The original intent of this column was to discuss how to maximize production in manpower by scheduling and project phasing, but with the onset of the current economic downturn and the very real prospects of large scale layoffs, I've opted to go a slightly different way.
It goes without saying that labor is the “fuel” that makes a job go. Of all elements in subcontracting, none is more difficult to quantify, and estimate correctly, than labor. None is more essential either. It's easy to get accurate material and sub-subcontract figures, but getting the most “mileage” per man hour invested is harder to get a cost on. There are so many variables to the labor equation that to try and put it in a box, as some of the estimating programs and labor charts do, is really an exercise in futility.
To be sure, statistically and over the long term, these algorithms have proven to be accurate in varying degrees, but we are not interested in long term accuracy, are we? We're talking the real world here, not statistics. Much as the odds of flipping a coin a given number of times will yield an equal number of heads and tails over the long term, labor statistics are great for historic or predictive value, but do not add much in the here and now. We are interested in performance on an individual job. It's all well and good to use 0.2 man/hours to install a half inch copper 90 on an estimate sheet, but hardly practical to try and quantify it on site.
Since the present economic situation is unprecedented in recent memory, it is all the more important to accurately estimate labor costs and be able to perform to the estimate. Making a profit on any one job is more critical today, as opposed to “averaging out” over several projects, and the best way to get an accurate estimate on labor expenses is to know your people. You know how long it should take to do a particular phase of a job if it was estimated accurately. Consequently, you should know which of your people can do the work within that time frame.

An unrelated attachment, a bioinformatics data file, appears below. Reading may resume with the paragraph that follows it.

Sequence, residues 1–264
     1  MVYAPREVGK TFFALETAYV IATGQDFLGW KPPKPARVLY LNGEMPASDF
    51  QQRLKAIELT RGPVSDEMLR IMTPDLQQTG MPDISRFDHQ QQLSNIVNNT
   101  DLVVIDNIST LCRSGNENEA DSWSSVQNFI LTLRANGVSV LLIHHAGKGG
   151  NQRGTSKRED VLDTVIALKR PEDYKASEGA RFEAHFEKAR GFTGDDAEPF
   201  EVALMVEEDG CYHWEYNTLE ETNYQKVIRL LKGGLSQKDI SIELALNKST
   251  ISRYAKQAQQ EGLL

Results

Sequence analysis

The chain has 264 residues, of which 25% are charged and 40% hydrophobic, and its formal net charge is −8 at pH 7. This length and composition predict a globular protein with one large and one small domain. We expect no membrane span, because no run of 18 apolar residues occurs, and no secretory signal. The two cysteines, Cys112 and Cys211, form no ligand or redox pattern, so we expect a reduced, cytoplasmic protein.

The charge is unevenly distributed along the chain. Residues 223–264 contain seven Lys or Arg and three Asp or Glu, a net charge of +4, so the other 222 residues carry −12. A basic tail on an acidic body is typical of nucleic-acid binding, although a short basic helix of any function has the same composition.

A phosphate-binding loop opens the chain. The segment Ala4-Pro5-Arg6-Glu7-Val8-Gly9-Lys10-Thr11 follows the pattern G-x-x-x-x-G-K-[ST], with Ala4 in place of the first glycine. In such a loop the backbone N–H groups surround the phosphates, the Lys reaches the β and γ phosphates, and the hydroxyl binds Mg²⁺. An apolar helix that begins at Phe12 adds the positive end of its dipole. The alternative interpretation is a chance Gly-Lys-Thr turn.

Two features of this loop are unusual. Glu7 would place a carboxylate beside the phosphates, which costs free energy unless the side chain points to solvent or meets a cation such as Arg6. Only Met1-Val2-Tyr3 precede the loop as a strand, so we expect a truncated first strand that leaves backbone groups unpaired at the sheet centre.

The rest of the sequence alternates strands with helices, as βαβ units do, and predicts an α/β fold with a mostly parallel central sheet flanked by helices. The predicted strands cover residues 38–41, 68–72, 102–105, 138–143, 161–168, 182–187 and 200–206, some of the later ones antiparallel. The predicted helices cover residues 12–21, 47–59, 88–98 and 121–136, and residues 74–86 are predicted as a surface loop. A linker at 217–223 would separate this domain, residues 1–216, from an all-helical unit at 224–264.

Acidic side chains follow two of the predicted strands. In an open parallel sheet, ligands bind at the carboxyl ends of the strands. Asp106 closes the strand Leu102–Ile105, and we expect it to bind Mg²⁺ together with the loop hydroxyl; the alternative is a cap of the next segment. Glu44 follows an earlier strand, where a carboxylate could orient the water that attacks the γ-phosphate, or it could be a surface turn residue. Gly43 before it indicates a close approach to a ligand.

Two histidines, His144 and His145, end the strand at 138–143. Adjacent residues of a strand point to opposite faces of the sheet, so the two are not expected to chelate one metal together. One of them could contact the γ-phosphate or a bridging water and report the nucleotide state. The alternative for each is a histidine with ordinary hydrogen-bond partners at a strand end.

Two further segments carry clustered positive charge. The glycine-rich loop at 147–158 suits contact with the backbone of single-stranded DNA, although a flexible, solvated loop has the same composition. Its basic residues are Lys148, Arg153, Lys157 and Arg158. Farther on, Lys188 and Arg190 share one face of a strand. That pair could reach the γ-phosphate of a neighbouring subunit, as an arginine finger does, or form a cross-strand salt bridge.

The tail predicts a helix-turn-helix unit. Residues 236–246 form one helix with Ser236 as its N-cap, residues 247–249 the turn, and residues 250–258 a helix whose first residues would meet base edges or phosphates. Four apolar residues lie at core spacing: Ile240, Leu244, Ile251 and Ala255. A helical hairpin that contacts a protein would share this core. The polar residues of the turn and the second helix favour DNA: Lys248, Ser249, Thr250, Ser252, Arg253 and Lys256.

It is what it is
Let's not sugar coat the present situation. If you are a large shop, you probably have already laid off. How did you determine who to let go? Did you do it based on seniority or job performance? After all, it isn't so much a question of improving the bottom line anymore — it's a question of survival. If you are a small shop, the decisions become a bit more problematic, but no less critical. Issues and situations that you have allowed as “glitches” in the past, causing labor overruns, must be examined and corrected. You need to make every hour of every day count, labor-wise.
The answer isn't in pairing your best people either. Sometimes, a mediocre foreman who is great at paper work, but not great at getting production done can get more done as a journeyman without the responsibilities and the paperwork burden. He might see it as a demotion, but then again he might welcome the opportunity to reduce his stress level. A good foreman who can motivate his crew and gets peak performance, but who is lax in the administrative area of his position, may need to be assisted in that area by management, so that his talents in productivity can be maximized.
Keeping your people “in the loop” is also an important aspect of labor management. Rumors and gossip within the organization can create tension and undercurrents, which will poison the atmosphere. Making sure that everyone knows what's going on, within reason, is one way to allay the angst generated by rumors.
On the other hand, making sure that everyone understands your expectations of them, their job and performance, and its value to the company is a great way to keep the team spirit in play. A friend of mine had a sign posted in the office which read, “The beatings will continue until morale improves.” Not the sort of message that would be welcome in every office, but the gallows humor struck just the right note with his people and eased the tension around the downturn in the work load and the possibility of layoffs.
Another way to approach the situation is to let your employees know that they are working with you, not for you, in making the company successful. After all, it's their livelihood too. Taking the inevitable gripes and grumblings in stride is a way for you, as the owner or principal, to keep perspective as well. Remember that it is every working person's right to complain. Acknowledging that and not taking it to heart will make it easier for you as well.
The Brooklyn, N.Y.-born author is a retired third generation master plumber. He founded Sunflower Plumbing & Heating in Shirley, N.Y., in 1975 and A Professional Commercial Plumbing Inc. in Phoenix in 1980. He holds residential, commercial, industrial and solar plumbing licenses and is certified in welding, clean rooms, polypropylene gas fusion and medical gas piping. He can be reached at [email protected].